How to Get a Chess Rating: Different Systems and What You Need To Do

⭐⭐⭐ Take 3 minutes to read and improve your chess game ➡️ : This article was first published on, and is Copyright of

If you’re looking to get a chess rating, there are many ways to do it. Official ratings can be obtained from governing organizations like FIDE and the United States Chess Federation. However, unofficial ratings can also be obtained by playing games on websites like Whichever route you take, the most important thing is to practice and play as many games as possible.

How to Get a Chess Rating

To get an official FIDE chess rating you need to gain a performance rating of at least 1000 through playing 20 games including a predetermined number in round-robin or swiss formats in official FIDE events against rated players over the course of around 2 years.

Getting an official chess rating is a great accomplishment for any player! In order to get an official rating, you must play a certain number of games in different scenarios – but it’s well worth the effort!

Until you complete the 20 games you will have a provisional rating which will be adjusted accordingly – Get started today and see how far you can go!

What is a chess rating

A chess rating is a number between 100 and up to 3000 which represents how well a player has performed against other players at different levels of competition. The higher the rating, the better the player.

Elo Rating System

The official chess rating system is the Elo system developed by Arpand Elo in 1960 using the original chess rating system by harness originally developed in 1950

In 1970 FIDE adopted the system as the official chess rating system

  • Official chess rating system used by all
  • Transparent & logical calculation of ratings
  • Ratings are updated regularly

Different Chess Rating Systems Time Line

1942 – Harkness – The original system developed by Kenneth Harkness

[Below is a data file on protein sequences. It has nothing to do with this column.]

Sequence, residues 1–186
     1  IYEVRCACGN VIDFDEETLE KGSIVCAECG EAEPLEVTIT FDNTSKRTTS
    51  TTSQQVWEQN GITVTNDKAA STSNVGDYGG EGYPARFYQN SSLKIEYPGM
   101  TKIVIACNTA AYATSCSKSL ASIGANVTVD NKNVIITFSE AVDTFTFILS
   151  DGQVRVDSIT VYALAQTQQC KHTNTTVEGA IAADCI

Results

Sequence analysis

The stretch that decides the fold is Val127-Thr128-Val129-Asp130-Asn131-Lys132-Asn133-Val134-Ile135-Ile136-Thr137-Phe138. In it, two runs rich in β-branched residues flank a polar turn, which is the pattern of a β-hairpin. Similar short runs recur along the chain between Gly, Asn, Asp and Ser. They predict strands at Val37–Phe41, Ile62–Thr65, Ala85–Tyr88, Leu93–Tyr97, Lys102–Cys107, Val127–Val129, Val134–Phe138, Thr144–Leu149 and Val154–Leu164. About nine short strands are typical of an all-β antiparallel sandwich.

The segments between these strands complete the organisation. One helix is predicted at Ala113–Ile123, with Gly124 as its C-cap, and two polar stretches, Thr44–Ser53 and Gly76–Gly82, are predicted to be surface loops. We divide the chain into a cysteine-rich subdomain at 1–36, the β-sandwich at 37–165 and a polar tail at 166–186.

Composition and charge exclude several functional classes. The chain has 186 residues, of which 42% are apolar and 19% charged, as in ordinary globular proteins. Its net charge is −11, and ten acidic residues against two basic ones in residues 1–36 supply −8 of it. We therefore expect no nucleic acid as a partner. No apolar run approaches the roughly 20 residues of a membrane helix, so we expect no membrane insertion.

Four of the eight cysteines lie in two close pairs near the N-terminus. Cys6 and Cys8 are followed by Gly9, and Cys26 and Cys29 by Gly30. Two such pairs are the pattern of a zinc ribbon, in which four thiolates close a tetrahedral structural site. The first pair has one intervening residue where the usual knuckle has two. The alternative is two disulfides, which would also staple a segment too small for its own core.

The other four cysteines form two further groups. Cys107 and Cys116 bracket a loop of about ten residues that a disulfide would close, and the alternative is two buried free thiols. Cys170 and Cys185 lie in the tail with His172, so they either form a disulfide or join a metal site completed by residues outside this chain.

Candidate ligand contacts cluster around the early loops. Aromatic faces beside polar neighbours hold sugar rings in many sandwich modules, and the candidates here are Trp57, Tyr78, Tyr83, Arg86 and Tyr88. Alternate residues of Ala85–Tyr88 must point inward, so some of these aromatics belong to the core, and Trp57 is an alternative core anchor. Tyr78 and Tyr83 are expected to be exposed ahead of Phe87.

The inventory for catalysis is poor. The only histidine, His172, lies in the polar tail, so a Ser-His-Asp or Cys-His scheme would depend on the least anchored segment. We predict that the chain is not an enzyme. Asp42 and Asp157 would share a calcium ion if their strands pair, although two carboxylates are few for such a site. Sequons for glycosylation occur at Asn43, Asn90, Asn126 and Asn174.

1960 – Elo – Based on the Harkness System and used by FIDE today

1995 – Glicko – Used on

2005 – Chessmetrics – Created by Jeff Sonas as an improvement on Elo

FIDE Ratings

FIDE Ratings are the official international ratings of players, as determined by the World Chess Federation (FIDE). FIDE Ratings are calculated based on the results of games between rated players. The higher the rating of a player, the better that player is considered to be. The ratings are used to determine pairings for tournaments and matches.

  • FIDE ratings are the official international ratings for players

How to get a FIDE ID and rating

To get a FIDE rating, you must first have a FIDE ID. You can obtain a FIDE ID by submitting an application form and passport-style photograph to the World Chess Federation. Once you have a FIDE ID, you can start playing in tournaments and matches to earn points that will be used to calculate your rating. The higher your score in these tournaments and matches, the higher your rating will be.

  • Getting a FIDE ID and rating opens many opportunities for chess players
  • Players can get an official FIDE rating by playing in tournaments and matches

Is an Online rating the same as a Tournament Rating?

Online ratings gained with sites like or LiChess are not the same as an official FIDE rating.

Indeed, you will find websites like those mentioned above will have different ratings too, whereby, it is generally accepted that it is easier to get a higher rating on LiChess than it is on

For official purposes, you can not claim an online chess rating as the same to enter a tournament if away from that online platform.


In order to get an official chess rating, you must play a certain number of games in different scenarios. The best way to accomplish this is by playing in tournaments and matches – which will also help you improve your game! Official ratings are a great accomplishment for any player and can open many opportunities. Consider applying for a FIDE ID before starting out so that your rating can be tracked properly.

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